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Government makes Internet tax dodgers & those holding garage sales tax cheats
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Having a garage sale this weekend?

Then there’s essentially a 100 percent chance you’re breaking the law.

California mandates anyone conducting a garage sale to obtain a seller’s permit. That means state law requires you to collect 7.25 cents on every $1 you get for the resale of personal property.

Trying to enforce the law and making those who conduct garage sales de facto free agents for the state is virtually impossible.

Yet the state has no problem going after those who open a store front to sell second-hand merchandise and making them agents of Sacramento. They have, though, tried to go after what are essentially garage sales on the Internet by trying to force companies like e-Bay to require individuals marketing second-hand items to get a seller’s permit and collect taxes.

It underscores the unevenness, archaic, and unwieldy nature of how this state collects taxes. Loopholes, tax credits, and even impossible-to-collect taxes assures that only the honest that aren’t rich enough or poor enough to capitalize on credits and loopholes end up getting stuck with the bigger share of the tax burden.

Chevron can moan and groan all they want about their tax burden that still allowed them to pocket $3.07 billion in the fourth quarter of 2010. The truth is the people, who bought their products are the ones that generated the money to pay their taxes to leave them after other expenses a paltry $3.07 billion in profit for three months.

Back to garage sales for a second. It would take $120 in sales over a weekend to yield $10 in sales tax. Assuming there are 40 garage sales a weekend in Manteca with almost 70,000 residents that’s $400 a weekend. If the same per weekend per capita yield took place statewide it would come in at around $200,000. In a year’s time that is $10.4 million.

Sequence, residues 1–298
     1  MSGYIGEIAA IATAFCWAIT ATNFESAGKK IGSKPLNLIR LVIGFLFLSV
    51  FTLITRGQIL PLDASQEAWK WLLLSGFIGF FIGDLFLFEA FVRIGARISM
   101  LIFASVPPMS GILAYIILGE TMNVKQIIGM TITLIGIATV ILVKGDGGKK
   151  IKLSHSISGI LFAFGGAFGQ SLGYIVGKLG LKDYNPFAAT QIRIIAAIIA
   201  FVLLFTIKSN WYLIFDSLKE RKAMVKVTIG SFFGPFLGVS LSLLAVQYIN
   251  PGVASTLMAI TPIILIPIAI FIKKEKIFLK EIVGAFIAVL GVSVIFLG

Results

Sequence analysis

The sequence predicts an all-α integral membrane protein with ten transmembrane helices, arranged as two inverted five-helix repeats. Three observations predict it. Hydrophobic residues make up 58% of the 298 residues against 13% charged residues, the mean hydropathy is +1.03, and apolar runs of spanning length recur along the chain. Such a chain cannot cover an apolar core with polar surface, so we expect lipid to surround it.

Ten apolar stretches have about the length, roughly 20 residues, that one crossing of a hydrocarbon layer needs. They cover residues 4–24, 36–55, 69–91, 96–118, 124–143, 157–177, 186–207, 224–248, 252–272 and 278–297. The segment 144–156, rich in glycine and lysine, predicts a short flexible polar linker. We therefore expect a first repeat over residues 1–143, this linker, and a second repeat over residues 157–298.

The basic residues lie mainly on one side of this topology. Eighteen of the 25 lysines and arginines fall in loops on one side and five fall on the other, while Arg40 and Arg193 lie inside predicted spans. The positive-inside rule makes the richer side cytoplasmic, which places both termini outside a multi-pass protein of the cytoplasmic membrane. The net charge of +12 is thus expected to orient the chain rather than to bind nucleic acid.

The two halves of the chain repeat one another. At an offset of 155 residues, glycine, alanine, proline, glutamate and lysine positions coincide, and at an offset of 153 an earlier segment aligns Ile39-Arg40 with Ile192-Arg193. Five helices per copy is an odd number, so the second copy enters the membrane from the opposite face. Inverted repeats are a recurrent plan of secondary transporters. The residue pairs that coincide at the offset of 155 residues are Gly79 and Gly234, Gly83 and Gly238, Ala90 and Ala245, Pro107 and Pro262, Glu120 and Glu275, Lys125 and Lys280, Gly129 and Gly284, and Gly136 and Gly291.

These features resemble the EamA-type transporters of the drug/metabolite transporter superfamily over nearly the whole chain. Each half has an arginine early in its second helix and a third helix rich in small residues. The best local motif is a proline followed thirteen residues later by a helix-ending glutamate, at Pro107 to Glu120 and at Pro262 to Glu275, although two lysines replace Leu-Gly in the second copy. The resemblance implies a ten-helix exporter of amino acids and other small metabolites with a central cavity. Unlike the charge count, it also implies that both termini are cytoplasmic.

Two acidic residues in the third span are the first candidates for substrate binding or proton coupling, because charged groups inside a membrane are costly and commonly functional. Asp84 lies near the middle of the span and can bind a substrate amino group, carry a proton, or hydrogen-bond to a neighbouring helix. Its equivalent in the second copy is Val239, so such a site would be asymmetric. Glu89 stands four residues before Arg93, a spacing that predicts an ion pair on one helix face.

It’s a lot of money but try and collect it. Besides, it would probably cost the state close to that amount of money to issue, collected, process, and audit such sales permits.

The seller’s permit requirement for garage sales is nuts. It needs to go because it is impossible to implement and enforce.

California needs to have a modern tax system that is enforceable and - this may be a tough concept for lawmakers to grasp - fair.

The system needs to collect sales tax on all first-time transactions of retail goods from sellers to buyers and drop what is essentially a regurgitation tax on used items. It will take working with Congress to come up with the means to tax interstate trade via commercial websites. Allowing internet firms to act as if they have a free duty status is a double standard.

Amazon and such firms bellyache about fairness when such taxes are proposed but how fair is it when they are treated different for the same transaction as a brick and mortar store? Firms such as Amazon crying foul have significantly less overhead. They could lower prices more to undercut traditional retailers and accommodate sales tax collection and still be rolling in more dough than brick and mortar companies.

California needs a stable tax base to provide basic services that even companies like Amazon utilize.

But we also need one that is practical, fair, and reflects 21st century commerce and not the days when business was in the horse and buggy mode.

We need a system where families that already paid sales taxes on used items they are selling aren’t essentially tax cheats.

That system also has to make sure that companies that pile up obscene profits by craftily shirking their responsibility to collect sales tax are no longer allowed to be tax dodgers.